Parks dominate Warsaw: with over 20,000 hectares of greenery to explore, the Insider edits down your choice to twelve of the best…
Note the set of rules at the entrance that give permission to fly kites, read books and hug statues. Festooned with sculptures, highlights include a work by Maria Rostowska depicting a dog with spirally eyes. Kids, meanwhile, are actively encouraged to crack the chalk out and draw on the paving.
Here’s what zł. 15 million does: transform a previously overgrown tangle of trees into one of Warsaw’s top parks. Freshly preened, weekends draw groups of friends armed with picnics and their own set of boules. Bottles of wine find their way into the hampers, and while not officially sanctioned, a blind eye is turned.
Bars, jogging trails, bike hire all conspire to make Pole Mokotowskie “the people’s park”. But it ain’t just for humans. This park loves dogs, so much so there’s a monument of a smiling Golden Retriever called Lokat. He’s there to remind people that animals need love! Each September the park also hosts the Dog Chow Disc Cup.
The curving canal-side pathway is popular with roller bladers, cyclists and joggers. When the sensible stuff is done head to the U Araba grill bar to watch sundown over sausages and beer – but be warned, in summer expect a right barbe-queue.
Laid out over war rubble, this former industrial belt was remodeled by landscape artist Alina Scholtze and her team of little helpers: over 15,000 school children volunteered to create this space. Wide pedestrian boulevards and flat massive spaces (and the option of a few uphill ascents) make it a favorite with spandex-covered joggers.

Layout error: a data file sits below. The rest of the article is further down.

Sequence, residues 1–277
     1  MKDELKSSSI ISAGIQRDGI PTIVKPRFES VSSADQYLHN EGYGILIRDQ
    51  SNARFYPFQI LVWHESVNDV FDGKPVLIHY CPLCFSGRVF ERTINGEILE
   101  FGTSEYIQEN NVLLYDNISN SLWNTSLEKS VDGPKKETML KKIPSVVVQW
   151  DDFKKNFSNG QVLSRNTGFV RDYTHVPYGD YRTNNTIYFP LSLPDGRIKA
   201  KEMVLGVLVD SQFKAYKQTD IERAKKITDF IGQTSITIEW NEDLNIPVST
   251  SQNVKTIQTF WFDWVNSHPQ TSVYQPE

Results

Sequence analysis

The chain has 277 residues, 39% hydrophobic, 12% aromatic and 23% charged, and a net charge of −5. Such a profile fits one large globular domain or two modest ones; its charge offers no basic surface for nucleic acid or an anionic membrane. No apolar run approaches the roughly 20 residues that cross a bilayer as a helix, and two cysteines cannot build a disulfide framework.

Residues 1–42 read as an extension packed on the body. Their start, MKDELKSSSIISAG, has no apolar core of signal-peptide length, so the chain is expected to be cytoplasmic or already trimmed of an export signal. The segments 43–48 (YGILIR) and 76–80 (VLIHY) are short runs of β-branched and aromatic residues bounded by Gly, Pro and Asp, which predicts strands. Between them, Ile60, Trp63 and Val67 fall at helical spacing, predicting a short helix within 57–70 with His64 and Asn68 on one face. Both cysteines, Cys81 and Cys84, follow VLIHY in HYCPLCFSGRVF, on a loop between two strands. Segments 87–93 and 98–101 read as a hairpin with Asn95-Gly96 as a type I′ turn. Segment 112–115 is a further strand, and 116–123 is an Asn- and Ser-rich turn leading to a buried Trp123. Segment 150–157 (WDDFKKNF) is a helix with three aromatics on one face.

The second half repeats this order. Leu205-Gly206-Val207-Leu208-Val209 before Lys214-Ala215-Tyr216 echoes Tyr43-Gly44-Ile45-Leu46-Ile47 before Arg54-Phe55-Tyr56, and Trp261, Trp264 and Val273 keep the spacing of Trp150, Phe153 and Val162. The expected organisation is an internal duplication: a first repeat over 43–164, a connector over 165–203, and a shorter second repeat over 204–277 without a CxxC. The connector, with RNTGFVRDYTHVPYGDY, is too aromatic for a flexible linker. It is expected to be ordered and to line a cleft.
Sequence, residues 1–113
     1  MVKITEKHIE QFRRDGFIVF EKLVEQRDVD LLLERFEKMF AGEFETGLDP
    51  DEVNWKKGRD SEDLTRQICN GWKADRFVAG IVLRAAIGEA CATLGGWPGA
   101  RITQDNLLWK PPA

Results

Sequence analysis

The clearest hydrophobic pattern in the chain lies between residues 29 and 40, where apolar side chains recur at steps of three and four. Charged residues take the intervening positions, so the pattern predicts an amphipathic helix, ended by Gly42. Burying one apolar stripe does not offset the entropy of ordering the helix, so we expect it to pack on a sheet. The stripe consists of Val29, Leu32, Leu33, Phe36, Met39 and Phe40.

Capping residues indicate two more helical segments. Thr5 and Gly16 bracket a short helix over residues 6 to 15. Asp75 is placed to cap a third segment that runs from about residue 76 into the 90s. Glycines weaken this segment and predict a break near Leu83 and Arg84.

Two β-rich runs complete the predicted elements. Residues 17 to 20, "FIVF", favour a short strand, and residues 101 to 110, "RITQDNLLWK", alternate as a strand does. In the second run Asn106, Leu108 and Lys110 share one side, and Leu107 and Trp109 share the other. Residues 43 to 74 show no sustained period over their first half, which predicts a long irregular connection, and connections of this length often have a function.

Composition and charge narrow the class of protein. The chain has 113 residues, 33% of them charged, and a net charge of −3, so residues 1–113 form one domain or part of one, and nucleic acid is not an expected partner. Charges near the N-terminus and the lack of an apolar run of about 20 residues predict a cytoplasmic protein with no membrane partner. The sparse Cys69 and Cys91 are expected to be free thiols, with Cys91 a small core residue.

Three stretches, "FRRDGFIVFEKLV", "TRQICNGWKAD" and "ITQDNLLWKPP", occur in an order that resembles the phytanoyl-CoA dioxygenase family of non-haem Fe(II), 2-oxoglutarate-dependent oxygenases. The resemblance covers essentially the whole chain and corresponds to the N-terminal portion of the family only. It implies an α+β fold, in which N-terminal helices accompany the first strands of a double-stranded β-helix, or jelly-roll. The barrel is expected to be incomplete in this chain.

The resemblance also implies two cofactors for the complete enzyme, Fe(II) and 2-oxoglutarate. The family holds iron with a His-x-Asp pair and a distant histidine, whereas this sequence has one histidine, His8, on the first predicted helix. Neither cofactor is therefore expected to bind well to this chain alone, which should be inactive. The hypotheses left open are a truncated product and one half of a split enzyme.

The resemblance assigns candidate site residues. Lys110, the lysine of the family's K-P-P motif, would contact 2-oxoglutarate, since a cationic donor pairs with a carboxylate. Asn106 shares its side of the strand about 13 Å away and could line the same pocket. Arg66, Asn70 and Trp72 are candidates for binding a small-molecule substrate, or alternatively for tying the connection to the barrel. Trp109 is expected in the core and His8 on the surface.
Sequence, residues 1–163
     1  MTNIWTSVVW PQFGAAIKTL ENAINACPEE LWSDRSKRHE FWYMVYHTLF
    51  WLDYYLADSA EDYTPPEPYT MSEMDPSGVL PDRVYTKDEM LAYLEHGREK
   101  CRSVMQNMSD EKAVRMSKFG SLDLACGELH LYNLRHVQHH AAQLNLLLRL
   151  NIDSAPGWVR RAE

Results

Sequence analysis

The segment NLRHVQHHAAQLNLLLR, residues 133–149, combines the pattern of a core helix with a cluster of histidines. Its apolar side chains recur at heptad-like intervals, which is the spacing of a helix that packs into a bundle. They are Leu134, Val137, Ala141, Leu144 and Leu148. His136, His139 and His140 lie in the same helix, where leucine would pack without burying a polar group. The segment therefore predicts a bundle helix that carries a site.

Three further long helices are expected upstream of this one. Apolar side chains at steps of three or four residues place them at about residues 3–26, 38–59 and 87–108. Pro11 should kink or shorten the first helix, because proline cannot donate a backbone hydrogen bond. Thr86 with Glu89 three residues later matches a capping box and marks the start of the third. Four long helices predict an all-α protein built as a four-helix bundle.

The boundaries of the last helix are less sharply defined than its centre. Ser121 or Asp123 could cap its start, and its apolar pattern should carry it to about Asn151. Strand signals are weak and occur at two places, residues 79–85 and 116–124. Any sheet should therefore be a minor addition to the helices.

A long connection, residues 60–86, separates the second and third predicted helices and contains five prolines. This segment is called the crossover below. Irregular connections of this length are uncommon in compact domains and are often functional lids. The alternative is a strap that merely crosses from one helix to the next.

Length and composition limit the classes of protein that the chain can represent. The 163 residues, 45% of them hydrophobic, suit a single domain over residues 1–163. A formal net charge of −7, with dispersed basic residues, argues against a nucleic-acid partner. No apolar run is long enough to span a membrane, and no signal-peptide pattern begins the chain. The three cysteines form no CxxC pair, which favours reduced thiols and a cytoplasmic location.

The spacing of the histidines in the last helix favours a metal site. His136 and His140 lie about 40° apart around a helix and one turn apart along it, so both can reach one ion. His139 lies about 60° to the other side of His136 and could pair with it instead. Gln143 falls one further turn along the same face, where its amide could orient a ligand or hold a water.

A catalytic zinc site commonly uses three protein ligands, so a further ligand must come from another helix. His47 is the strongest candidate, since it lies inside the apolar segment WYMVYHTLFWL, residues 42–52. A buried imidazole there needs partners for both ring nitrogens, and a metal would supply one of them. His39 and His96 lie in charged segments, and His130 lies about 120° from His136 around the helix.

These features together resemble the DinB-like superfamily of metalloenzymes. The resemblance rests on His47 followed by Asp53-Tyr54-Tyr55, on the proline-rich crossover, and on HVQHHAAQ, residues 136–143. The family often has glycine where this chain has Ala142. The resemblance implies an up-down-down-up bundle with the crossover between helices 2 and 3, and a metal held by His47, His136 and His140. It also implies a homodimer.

If you enjoy pageantry then the noon changing of the guard at the Tomb of Unknown Soldier is unmissable. At other times, delve deep into the gardens to walk shoulder to shoulder with mythical figures celebrated in stone.
Peppered with Moorish-style towers and neo-Gothic details, it’s said that a Red Army tank now sits at the bottom of one of the lakes at Morskie Oko. Elsewhere, the building at No. 5 is Warsaw’s most haunted: at night a girl shot by a German sniper appears on the balcony pining for her insurgent lover.
The only time the park police won’t shoot on sight for your failure to ‘KEEP OFF THE GRASS’ is Sunday. That’s when hundreds, sometimes thousands, gather around the Chopin monument to sit on deckchairs and listen to piano recitals at noon and 4 p.m. After, head further into the park for close encounters with peacocks and squirrels.
Reduced to its current size after the war, the little green strip between ul. Chopina and Al. Róż is a charming oasis of sunken gardens and winding paths: its name, Little Switzerland, is completely appropriate. Snatch a shaded spot near the fountain and ornamental turtles and away you go with Chapter 1.
Perfectly clipped and landscaped, this 19th century jewel is filled with decorative details and quaint little nooks. Skip across the rock pool before heading to the fancy stone bridge. It’s now tradition for couples to leave engraved lovelocks on the railings. If your single, you will be stopped by lovebirds wanting their pic taken.
“Distinguished by its colors, scents and moods,” this one hectare rooftop garden is breathtaking. It’s got the lot, from ducks and water features to sloping walkways and leafy alcoves. Visit on a balmy evening when scarlet skies settle over the Wisła – it’s about the only time when a selfie-stick is acceptable.
There’s intrigue aplenty at Skaryszewski: a cosmic-looking, rocket-shaped shrine, a commemorative boulder honoring an RAF plane shot down during WWII and a memorial namechecking the six Poles who died on 9/11. Away from what to see there’s also plenty to do: for instance, renting a paddle boat and racing your mates.